Let's consider a few examples: Below I've created a table comparing an all-bond portfolio to one with 10% stocks, under a few different outcomes:
|$1000 Bond |
|Average Real Return||2.47%||4.52%|
So the mixed portfolio had a much higher return for about the same risk, or even slightly less risk. Note that these returns are invented: I've imagined stocks swing between +15% to -5% and that bonds either return 5% or break even. This is typical of historic behavior but who knows what the future will hold. No matter what values are chosen, though, the principle will remain true: the mixed portfolio will have a higher return, for roughly the same risk. A portfolio of 5% stocks would have been much safer than an all bond portfolio, rather than the same risk.
Sharp-eyed mathematically inclined readers have noticed a problem with my example: It assumes that there is no correlation at all between bond and stock returns. In reality there is a correlation, but it is much less than one: bonds and stocks tend to move in the same direction, but not always. So the actual advantage of mixing up your assets like this is slightly less than in my simplified, contrived example. Nevertheless, the principle holds.
At the other extreme, for an investor who wants the absolute highest return regardless of the risks, there is still a big advantage in holding a mix. The return of a portfolio containing all stocks is only slightly higher than the return on one that contains 20% bonds; meanwhile the risk is much, much higher for the all-stock portfolio. It is silly to take on a lot of extra risk for only a slight extra reward--there is a diminishing return to increasing the equity portion of your portfolio much beyond 75 or 80%.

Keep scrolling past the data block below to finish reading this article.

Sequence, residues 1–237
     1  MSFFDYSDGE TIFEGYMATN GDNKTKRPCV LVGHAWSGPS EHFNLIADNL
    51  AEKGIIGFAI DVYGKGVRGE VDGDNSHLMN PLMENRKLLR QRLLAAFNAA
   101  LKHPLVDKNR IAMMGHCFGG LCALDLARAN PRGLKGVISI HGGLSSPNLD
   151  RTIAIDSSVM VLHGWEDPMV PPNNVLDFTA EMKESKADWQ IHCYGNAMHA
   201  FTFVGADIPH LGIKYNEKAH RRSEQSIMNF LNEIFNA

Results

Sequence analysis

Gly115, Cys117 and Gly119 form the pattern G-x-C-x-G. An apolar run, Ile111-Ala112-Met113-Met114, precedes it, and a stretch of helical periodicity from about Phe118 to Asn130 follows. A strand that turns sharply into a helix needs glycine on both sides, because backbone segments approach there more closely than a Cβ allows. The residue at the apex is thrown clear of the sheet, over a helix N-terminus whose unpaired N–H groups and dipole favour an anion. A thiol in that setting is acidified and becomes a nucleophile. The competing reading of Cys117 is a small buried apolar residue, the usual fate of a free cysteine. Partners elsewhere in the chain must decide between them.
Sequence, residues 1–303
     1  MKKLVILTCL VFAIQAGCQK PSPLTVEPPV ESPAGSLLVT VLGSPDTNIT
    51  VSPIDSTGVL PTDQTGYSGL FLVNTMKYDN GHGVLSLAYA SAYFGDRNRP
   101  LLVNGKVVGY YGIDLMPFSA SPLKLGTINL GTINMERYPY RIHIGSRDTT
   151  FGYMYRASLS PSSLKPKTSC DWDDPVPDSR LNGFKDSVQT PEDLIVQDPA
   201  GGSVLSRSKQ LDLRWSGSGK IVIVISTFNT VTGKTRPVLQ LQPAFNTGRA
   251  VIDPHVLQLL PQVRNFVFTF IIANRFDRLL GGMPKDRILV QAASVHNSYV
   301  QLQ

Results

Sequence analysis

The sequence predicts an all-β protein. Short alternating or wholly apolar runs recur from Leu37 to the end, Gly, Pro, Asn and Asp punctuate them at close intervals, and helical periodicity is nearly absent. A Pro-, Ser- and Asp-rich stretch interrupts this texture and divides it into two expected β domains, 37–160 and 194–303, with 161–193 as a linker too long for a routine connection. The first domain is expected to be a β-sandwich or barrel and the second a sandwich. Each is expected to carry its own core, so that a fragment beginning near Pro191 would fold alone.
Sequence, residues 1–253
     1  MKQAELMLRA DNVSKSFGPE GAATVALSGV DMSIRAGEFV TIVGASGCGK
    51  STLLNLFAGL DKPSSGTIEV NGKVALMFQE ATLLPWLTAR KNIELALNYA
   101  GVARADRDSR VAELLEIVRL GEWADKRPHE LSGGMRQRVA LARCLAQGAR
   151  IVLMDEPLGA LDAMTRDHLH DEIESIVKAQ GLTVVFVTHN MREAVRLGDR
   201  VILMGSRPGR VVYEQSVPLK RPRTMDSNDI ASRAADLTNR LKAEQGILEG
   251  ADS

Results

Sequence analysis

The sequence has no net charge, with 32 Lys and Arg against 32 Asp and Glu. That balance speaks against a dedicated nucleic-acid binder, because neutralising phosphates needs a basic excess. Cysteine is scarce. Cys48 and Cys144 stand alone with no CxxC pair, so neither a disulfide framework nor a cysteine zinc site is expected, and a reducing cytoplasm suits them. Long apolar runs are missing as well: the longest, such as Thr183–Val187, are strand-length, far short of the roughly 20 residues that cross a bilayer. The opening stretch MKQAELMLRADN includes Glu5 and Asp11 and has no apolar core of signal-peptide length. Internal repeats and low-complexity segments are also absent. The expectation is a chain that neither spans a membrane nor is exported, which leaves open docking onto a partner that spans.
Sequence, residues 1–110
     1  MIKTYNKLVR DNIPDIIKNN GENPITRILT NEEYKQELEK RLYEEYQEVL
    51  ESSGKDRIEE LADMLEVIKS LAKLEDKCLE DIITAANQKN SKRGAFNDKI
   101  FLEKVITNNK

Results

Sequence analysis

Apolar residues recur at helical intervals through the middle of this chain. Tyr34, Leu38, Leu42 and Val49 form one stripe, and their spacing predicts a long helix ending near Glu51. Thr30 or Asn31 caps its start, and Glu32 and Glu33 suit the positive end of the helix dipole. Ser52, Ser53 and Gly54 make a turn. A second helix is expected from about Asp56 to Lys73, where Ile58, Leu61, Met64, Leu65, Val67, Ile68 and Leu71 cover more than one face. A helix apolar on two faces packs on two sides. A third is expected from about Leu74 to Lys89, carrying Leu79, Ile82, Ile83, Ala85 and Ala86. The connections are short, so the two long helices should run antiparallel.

The efficient frontier is a mathematical/investment term for a portfolio which has the maximum return possible for a given level of risk, and that's where you want to be. Unfortunately the correlations and standard deviations of different assets, like "stocks" and "bonds" change constantly--so there is no way to know exactly where this efficient frontier is. You can, however, make some effective guesses: It is highly unlikely that the most efficient portfolio is all stocks or all bonds. It is highly likely that it will be some mixture.
If you are a conservative investor seeking the safest portfolio you can hold you should still have somewhere between 5-10% of your assets in stocks. If you are an aggressive investor, then once you have met your minimum living standards, you can invest in equities up to your risk tolerance--but you should still have, as a minimum, at least 20% of your portfolio in short-term bonds.